Again, I am pleased to see social pressure brought to bear on Catholic authorities over the sex abuse scandal, and I hope it continues. The Church purports to live by a higher set of virtues than Primark, the Sun, or just about anybody else, and it’s not unfair to judge Church officials by those standards. This is why I’m bothered by defensive claims that “the public schools are no better,” and suchlike; even if that were true, is it really the case that the institution that claims to be the sole legitimate temporal authority for Almighty God wants to be held to the same standards of conduct as the public schools? My point, though, is not to tell people to back off the Catholic Church for failing to live up to its standards regarding the sexualization of children, but rather to urge critics to be more consistent in the application of those standards.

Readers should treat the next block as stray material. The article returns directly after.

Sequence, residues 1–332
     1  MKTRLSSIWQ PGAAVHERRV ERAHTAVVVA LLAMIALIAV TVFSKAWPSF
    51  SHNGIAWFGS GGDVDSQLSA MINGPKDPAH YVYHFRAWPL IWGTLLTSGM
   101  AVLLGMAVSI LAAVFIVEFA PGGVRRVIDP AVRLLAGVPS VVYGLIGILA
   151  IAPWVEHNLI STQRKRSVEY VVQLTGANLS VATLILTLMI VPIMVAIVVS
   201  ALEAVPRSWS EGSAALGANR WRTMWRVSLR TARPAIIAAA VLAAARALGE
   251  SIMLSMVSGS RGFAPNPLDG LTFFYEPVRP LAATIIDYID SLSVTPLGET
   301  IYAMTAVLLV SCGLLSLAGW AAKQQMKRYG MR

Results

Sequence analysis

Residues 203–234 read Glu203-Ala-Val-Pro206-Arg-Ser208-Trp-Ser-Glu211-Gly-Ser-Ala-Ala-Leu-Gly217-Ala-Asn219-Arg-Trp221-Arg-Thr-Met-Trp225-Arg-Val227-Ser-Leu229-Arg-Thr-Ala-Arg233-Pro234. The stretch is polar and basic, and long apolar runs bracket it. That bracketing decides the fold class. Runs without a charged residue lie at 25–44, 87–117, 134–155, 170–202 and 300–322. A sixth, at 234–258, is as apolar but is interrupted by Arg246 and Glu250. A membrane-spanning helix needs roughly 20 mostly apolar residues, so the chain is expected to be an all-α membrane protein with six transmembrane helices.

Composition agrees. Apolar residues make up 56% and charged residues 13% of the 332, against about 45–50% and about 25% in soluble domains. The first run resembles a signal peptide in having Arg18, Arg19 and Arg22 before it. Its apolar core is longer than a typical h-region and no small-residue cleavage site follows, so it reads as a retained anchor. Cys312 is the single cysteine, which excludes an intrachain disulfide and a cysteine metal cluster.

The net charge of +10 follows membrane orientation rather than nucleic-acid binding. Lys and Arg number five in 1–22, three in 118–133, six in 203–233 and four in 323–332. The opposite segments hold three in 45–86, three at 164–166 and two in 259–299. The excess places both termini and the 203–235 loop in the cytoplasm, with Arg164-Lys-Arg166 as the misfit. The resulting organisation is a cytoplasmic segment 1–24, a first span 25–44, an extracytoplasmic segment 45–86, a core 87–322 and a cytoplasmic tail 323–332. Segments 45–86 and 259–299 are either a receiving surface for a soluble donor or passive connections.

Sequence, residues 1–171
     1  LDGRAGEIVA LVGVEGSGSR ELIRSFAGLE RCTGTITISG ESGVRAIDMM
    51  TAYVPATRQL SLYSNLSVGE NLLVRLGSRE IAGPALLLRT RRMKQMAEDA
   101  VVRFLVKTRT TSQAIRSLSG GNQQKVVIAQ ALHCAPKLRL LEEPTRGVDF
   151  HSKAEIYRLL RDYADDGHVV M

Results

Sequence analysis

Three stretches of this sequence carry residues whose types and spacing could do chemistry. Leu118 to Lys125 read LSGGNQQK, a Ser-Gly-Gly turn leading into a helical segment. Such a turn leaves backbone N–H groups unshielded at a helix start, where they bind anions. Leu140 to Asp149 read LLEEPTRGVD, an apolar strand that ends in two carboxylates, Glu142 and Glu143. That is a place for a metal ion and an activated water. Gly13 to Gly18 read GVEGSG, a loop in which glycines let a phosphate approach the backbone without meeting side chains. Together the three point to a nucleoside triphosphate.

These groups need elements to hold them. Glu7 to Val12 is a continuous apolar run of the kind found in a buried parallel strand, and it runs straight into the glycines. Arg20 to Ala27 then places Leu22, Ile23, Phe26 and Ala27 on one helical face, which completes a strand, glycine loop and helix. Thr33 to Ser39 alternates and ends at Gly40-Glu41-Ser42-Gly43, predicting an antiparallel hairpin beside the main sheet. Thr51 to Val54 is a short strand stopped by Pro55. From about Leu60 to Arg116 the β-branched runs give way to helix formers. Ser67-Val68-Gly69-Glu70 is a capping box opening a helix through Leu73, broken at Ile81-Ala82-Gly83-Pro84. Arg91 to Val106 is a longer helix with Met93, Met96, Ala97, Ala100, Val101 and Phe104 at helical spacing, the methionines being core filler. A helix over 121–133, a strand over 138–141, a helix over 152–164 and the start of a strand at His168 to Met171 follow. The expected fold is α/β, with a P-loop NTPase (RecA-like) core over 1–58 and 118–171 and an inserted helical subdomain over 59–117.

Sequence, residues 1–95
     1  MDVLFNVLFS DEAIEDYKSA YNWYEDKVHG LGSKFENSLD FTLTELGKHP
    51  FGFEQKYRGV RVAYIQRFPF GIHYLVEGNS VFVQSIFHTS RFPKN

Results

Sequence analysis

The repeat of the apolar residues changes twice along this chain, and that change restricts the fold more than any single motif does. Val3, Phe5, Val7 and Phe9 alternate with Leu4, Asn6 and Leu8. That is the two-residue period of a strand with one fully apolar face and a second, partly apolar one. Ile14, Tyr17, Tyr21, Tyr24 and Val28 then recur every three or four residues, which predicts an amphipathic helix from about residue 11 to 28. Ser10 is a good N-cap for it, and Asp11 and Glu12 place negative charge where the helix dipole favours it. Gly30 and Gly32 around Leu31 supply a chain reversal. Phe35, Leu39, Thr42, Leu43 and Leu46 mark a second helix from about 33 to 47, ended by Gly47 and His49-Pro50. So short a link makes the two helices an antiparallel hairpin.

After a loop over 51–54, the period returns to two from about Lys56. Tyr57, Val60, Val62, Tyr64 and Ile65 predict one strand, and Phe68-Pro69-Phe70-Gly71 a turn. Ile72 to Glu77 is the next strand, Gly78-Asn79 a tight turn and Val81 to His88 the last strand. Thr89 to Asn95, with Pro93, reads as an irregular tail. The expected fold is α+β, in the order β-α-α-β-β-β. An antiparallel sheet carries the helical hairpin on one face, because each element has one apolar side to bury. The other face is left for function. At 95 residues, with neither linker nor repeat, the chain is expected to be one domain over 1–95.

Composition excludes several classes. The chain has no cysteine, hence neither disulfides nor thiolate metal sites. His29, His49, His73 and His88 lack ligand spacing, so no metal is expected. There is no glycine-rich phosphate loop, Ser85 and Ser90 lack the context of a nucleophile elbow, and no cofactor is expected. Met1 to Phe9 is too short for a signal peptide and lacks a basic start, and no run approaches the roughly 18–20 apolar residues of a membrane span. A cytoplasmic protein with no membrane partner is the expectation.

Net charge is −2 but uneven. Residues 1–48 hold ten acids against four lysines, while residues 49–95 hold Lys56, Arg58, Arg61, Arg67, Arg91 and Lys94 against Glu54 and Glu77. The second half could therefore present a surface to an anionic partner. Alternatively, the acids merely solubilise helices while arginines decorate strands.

I mean, why stop at the church? Is it really the case that sexual exploitation of children is only outrageous because it was undertaken by agents of the Church? Given the forces in the culture — chiefly commercial — pushing hard for the ongoing eroticization of children, the outrage over clerical sex abuse is taking on the quality of straining at gnats while swallowing camels. Here’s a 2006 essay by the liberal writer Jim Sleeper, condemning what he calls “the pornification of the public square.” Excerpt:

What Dave’s family got wasn’t porn, exactly, but it forced him to think about how he’d explain to his 9-year-old that people sell their bodies – and that TV “sells” their doing it. That Dave faults his own judgment doesn’t quite make him fair game. It certainly doesn’t explain what’s coming to us unbidden in roadside “Erotic Empire” billboards, bus-shelter underwear posters, fashion-cum-kiddie porn ads, commercials for erectile dysfunction cures and the fetid currents wafting suddenly through our homes at prime time.